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October 15, 2019
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The Age of Encumbrance: Project Morpheus, VR and Wearables

by Andreas Walther on 03/19/14 06:48:00 am   Featured Blogs

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The following blog post, unless otherwise noted, was written by a member of Gamasutra’s community.
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On March 18th, Sony introduced their VR answer to the Oculus Rift. They have tentatively called it Project Morpheus, as it is only a prototype. In the announcement on the PlayStation blog, Shu Yoshida called virtual reality “the future of games”. Personally speaking, I have some concerns with this possible future. Do hear me out.

I am troubled by the notion of VR becoming the way of games. Perhaps this makes me into a reactionary, or a mere feeble opponents to progress. Especially, because the experience as such seems to be a fascinating and involving one. Adam Sessler speaks highly of VRPolygon's Michael McWhertor describes VR as "an astounding experience"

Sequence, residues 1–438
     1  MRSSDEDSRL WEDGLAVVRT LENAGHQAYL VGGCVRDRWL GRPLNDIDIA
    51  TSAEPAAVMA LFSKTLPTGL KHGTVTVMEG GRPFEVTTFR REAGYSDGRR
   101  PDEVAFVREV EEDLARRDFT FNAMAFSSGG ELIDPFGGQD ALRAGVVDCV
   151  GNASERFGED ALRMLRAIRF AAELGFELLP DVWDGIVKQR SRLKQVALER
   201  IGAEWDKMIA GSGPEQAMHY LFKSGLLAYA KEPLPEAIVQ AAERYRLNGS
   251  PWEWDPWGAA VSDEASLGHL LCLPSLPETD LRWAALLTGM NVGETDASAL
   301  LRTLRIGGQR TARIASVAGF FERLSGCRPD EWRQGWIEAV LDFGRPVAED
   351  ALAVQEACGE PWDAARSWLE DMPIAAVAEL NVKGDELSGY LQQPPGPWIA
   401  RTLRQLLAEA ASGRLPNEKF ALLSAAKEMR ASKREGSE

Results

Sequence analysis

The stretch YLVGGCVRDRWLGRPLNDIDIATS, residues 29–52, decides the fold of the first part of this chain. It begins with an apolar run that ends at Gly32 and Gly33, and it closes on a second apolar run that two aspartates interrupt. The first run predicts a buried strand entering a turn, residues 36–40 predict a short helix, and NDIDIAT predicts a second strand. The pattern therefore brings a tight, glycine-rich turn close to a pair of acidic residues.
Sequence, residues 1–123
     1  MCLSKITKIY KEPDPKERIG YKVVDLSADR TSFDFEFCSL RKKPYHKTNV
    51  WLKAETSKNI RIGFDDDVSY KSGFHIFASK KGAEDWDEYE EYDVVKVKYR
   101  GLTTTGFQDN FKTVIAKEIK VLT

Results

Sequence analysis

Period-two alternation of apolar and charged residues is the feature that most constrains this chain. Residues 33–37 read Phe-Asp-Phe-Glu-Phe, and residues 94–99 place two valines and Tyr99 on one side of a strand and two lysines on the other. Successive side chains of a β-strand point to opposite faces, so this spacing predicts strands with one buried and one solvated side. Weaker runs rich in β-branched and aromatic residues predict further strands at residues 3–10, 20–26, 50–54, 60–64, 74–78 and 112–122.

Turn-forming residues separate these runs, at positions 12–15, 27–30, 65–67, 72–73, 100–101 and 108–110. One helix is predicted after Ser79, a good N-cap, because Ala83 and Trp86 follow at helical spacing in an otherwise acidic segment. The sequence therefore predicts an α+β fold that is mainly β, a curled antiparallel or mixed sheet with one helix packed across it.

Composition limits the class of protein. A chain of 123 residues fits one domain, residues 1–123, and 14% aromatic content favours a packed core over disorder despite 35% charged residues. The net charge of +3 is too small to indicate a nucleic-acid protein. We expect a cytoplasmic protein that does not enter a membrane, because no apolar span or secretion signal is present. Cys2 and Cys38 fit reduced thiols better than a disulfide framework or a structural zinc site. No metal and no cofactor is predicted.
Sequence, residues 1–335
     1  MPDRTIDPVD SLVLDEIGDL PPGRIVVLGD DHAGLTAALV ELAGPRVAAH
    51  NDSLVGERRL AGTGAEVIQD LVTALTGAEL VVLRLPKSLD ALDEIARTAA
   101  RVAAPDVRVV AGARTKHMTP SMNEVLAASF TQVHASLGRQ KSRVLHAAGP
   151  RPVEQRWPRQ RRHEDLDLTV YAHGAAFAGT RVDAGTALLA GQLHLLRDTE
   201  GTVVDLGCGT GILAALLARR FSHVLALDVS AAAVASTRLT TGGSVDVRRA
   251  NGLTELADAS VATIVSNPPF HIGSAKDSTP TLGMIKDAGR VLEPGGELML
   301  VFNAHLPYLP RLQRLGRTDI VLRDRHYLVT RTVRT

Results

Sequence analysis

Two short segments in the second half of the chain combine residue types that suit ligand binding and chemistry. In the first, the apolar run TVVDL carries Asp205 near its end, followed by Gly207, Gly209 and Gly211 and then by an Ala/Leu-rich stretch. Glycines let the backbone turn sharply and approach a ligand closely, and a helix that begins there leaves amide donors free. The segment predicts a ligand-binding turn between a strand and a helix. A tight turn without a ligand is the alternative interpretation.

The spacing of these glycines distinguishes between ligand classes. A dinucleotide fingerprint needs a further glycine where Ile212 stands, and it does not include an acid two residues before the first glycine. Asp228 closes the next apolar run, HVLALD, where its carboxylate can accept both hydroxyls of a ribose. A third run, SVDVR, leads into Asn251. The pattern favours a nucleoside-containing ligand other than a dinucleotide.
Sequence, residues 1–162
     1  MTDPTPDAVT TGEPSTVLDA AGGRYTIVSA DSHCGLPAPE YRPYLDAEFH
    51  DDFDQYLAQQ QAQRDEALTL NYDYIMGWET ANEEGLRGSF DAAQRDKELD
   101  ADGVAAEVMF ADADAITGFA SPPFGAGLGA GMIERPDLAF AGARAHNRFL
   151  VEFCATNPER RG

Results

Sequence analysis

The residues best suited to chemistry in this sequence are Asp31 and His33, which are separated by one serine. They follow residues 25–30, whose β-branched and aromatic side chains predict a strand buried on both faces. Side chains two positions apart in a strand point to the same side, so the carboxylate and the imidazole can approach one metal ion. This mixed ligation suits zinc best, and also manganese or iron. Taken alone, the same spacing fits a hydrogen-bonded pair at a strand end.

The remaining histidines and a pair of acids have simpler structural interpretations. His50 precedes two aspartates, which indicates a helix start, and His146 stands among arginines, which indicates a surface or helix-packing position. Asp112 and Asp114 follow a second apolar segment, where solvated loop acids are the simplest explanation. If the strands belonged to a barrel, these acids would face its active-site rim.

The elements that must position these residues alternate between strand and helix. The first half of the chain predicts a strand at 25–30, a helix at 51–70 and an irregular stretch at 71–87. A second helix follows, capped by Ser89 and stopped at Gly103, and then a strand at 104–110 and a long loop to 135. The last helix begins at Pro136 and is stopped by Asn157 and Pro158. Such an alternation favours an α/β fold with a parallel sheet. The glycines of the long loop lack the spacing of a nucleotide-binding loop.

Rest assured, I do not doubt two things: First, VR is a fascinating and involving experience, I’m sure. Second, I do not expect VR to replace the conventional way of gaming (in front of a screen, with a controller in hand), in the short term.

In the long term, a more expanded vision of VR will almost certainly become the way we play videogames.

For the time being, stuff like the Oculus Rift, Project Morpheus, or Google Glass - and to a lesser extent, wearables like the Pebble watch - make me think that we may be entering an age of encumbrance

Technology - judging by the current trends - will come to encumber us physically and psychologically.

Like 3D glasses, Google Glass, the VR headset or the Pebble watch, are a physical encumbrance. They make technology a part of your physical body in an inextricable, encumbering way. The VR headset especially represents an extreme example as it covers your head and eyes. Which leads me to the psychological encumbrance:

In the case of VR, we will literally be buried within the screen. VR effects a separation from the outside environment and succeeds in digitizing almost the entire experience. Virtual Reality envelops our experience like a digital feedbag. Gaming already is a solitary, isolated activity. VR will turn videogames into masturbatory exercises in solipsism. Not that that cannot be fun, but is it the way we want to interact with art?

I know that my iPhone has long turned me into a cyborg. It is my diary, my social portal, my knowledge base. Yet its physicality is about as close as I want to get to my technology.

VR is something else entirely. Do we want to bury ourselves inside our screens? Do we want our experiences to become solipsisms? 

To some degree, VR will teach us what it really means to be alone, and I am troubled by that.

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